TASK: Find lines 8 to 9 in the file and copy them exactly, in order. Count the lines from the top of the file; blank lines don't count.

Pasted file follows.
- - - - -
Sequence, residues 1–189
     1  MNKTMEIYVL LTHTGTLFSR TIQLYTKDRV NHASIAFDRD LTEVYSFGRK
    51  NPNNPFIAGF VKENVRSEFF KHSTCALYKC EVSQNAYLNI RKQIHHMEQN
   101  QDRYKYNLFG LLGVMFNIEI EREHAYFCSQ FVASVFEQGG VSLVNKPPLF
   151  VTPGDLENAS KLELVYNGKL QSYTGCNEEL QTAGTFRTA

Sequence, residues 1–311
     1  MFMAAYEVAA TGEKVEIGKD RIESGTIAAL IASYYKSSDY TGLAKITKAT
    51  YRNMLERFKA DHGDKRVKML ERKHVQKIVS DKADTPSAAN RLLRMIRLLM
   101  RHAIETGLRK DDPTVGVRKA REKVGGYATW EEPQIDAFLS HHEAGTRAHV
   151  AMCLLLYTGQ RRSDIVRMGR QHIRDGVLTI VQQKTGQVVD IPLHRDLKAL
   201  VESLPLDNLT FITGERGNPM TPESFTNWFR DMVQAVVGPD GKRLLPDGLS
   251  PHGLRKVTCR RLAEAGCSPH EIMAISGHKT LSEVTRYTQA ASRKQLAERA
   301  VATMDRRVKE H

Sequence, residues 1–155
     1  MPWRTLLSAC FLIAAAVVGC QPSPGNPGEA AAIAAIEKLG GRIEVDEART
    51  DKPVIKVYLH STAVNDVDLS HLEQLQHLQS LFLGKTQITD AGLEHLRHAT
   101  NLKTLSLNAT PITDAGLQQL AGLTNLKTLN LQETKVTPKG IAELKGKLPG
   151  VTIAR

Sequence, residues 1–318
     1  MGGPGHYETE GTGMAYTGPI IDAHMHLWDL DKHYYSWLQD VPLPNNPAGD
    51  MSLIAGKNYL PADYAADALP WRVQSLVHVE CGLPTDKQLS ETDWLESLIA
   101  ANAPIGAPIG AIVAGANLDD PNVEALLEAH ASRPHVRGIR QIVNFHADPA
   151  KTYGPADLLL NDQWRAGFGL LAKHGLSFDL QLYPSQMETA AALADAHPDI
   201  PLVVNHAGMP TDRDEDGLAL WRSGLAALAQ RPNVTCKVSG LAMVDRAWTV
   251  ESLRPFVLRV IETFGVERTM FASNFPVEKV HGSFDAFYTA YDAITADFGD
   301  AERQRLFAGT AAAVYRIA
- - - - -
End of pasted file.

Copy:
    51  YRNMLERFKA DHGDKRVKML ERKHVQKIVS DKADTPSAAN RLLRMIRLLM
   101  RHAIETGLRK DDPTVGVRKA REKVGGYATW EEPQIDAFLS HHEAGTRAHV